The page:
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Pablo Martinez Monsivais / AP

Before they meet President Trump, 24 of America's top manufacturing CEOs — representing companies that employ around 2 million workers — will team up with cabinet secretaries to come up with policy ideas that will be presented to the President later in the morning.

The goal: A set of workable ideas to meet Trump's campaign promise of creating new manufacturing jobs in America.

According to a planning document seen by Axios, the participants are:

  1. Tax and trade team: Treasury Secretary Steve Mnuchin; top economic advisor Gary Cohn and his aides Jeremy Katz and Shahira Knight; top trade advisor Peter Navarro; Michael Dell, the CEO of Dell Technologies; Inge Thulin, CEO of 3M; Kenneth Frazier, CEO of pharmaceutical company Merck & Co.; Mark Fields, CEO of Ford; Alex Gorsky, CEO of Johnson & Johnson.
  2. Regulatory reform team: Budget Director Mick Mulvaney; senior policy advisors Stephen Miller and Andrew Bremberg; Lockheed Martin CEO Marillyn Hewson; Whirlpool CEO Jeff Fettig; International Paper CEO Mark Sutton; Emerson Electric CEO David Farr; Harris Corp. CEO Bill Brown; and Campbell Soup CEO Denise Morrison.
  3. Infrastructure team: Transportation Secretary Elaine Chao; Gary Cohn will float into this session as well; former Bush Administration official DJ Gribbin; Caterpillar CEO Doug Oberhelman; Corning CEO Wendell Weeks; Nucor Corp. CEO John Ferriola; US Steel CEO Mario Longhi; Veresen Inc. CEO Don Althoff; Archer Daniels Midland CEO Juan Luciano.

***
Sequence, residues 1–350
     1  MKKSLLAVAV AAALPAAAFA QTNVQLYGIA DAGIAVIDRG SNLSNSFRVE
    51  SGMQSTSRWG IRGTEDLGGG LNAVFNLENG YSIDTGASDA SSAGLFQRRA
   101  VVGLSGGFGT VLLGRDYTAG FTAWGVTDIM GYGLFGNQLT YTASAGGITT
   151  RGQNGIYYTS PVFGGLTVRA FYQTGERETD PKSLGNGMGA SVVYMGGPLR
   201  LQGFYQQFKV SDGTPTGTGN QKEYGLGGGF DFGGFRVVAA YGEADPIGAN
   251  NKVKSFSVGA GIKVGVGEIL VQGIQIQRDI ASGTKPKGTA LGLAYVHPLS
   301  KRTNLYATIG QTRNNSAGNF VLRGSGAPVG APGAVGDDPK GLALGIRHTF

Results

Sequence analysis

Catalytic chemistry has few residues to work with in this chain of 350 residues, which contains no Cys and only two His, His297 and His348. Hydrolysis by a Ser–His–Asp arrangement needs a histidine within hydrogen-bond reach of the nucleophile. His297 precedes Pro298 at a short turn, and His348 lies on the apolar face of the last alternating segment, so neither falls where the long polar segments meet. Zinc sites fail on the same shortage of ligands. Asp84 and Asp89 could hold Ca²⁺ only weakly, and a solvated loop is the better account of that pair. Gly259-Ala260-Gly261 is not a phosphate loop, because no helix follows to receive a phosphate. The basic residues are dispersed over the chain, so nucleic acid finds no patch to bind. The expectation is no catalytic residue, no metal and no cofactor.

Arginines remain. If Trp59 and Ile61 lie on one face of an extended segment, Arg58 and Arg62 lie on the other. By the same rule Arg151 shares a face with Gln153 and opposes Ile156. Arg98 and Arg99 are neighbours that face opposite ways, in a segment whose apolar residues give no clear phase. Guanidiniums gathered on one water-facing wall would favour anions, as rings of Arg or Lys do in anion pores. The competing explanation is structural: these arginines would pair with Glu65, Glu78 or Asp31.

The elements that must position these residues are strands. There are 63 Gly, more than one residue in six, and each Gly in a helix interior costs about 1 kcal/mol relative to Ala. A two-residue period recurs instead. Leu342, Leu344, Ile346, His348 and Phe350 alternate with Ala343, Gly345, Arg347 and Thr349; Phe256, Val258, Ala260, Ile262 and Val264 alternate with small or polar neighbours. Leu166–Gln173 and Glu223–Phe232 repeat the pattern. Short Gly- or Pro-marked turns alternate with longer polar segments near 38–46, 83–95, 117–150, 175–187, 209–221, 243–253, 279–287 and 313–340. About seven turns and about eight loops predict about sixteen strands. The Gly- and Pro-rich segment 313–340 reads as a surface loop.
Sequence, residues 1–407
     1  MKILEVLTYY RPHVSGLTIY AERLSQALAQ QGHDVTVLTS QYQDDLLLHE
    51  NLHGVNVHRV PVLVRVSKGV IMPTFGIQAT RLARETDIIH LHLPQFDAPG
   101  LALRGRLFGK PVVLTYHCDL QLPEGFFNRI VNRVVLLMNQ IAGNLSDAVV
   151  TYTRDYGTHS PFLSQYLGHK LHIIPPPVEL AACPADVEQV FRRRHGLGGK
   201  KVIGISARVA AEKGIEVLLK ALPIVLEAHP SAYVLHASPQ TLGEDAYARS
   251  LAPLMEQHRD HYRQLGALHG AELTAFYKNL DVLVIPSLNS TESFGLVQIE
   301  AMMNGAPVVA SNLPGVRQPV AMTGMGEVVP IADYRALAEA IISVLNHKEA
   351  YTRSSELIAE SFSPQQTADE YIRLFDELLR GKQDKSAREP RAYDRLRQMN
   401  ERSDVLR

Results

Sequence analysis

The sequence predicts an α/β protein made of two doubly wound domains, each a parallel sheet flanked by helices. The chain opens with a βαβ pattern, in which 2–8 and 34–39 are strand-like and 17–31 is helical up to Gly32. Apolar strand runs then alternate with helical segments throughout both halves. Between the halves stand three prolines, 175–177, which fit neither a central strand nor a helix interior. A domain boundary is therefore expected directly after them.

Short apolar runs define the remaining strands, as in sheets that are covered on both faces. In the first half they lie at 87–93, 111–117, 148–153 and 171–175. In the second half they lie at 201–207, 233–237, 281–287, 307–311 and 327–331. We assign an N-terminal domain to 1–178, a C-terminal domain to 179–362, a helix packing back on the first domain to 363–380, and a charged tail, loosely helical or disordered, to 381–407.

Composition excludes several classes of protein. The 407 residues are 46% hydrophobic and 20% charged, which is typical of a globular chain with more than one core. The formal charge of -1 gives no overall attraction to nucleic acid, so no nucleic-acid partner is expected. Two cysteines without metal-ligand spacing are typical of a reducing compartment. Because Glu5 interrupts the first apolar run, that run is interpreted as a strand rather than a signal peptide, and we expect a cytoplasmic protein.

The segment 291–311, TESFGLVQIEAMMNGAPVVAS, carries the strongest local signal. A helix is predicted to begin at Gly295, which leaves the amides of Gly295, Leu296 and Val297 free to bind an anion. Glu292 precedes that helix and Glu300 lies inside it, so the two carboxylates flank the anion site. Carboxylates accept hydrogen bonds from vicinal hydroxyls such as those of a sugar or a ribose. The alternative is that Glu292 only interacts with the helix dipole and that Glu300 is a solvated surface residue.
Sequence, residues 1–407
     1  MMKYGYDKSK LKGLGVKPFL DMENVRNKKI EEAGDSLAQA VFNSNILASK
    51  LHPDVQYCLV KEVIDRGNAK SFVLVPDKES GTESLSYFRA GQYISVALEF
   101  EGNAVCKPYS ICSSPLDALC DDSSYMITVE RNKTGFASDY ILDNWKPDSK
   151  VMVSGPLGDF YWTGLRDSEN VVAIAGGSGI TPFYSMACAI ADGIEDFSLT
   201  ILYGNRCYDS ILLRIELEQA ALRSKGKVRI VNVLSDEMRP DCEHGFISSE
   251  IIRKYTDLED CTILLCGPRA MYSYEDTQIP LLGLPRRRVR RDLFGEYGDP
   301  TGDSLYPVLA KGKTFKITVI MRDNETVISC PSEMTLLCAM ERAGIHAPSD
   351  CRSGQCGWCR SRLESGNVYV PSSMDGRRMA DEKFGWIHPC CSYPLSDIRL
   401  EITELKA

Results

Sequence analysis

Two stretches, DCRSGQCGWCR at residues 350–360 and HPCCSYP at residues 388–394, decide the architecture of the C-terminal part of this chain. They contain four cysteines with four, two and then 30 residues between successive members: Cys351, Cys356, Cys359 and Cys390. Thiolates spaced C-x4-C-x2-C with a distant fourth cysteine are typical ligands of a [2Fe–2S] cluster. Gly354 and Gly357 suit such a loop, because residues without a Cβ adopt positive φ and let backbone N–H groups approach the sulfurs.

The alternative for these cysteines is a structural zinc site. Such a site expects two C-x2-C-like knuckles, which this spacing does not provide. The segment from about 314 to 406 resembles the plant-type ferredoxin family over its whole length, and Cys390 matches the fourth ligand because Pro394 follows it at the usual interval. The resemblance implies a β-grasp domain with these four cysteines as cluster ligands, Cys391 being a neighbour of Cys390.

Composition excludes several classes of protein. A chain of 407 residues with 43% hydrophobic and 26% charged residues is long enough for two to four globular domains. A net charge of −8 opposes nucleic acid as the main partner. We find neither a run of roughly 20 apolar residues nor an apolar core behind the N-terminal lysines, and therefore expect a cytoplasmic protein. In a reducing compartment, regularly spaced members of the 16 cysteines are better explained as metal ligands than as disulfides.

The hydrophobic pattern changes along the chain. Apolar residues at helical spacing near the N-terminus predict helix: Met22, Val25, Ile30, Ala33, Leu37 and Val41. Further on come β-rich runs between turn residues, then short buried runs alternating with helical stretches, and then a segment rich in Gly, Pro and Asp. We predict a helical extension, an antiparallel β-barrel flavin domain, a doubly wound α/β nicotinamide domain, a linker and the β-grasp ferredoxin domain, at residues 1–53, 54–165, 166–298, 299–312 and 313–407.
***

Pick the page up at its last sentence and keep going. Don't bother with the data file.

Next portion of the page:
4. Workforce of the future: Ivanka Trump; nominee for Commerce Secretary Wilbur Ross; Small Business Administrator Linda McMahon; Dow Chemical CEO Andrew Liveris; United Technologies CEO Greg Hayes; LiveOps CEO Keith Leimbach; Altec CEO Lee Styslinger; General Dynamics CEO Phebe Novakovic; assistant to the President, Reed Cordish; Dana CEO James Kamsickas.

The genesis: Jared Kushner came up with the idea for the working sessions. Kushner, a top adviser to the President, has gotten a lot of press for his engagements with foreign leaders. But a less visible — and equally important — part of his job has been outreach to the private sector. He thinks government needs to find innovative ways to work closer with the private sector — a concept that appeals to Trump.

Ivanka Trump and the Vice President have also been involved in this private sector outreach and will participate in tomorrow's sessions.

Why this matters: It's normal for presidents to meet with business leaders, but it's rare to put CEOs to work in these kind of sessions with cabinet secretaries. If the concept works tomorrow, we hear it could be applied to other areas of White House policy.

Go deeper

Corporate America finds downside to politics

Illustration: Annelise Capossela/Axios

Corporate America is finding it can get messy when it steps into politics.

Why it matters: Urged on by shareholders, employees and its own company creeds, Big Business is taking increasing stands on controversial political issues during recent months — and now it's beginning to see the fallout.

Church groups say they can help the government more at border

A mural inside of Casa del Refugiado in El Paso, Texas. Photo: Stef Kight/Axios

Despite the separation between church and state, the federal government depends upon religious shelters to help it cope with migration at the U.S.-Mexico border.

Why it matters: The network supports the U.S. in times of crisis, but now some shelter leaders are complaining about expelling families to Mexico when they have capacity — and feel a higher calling — to accommodate them.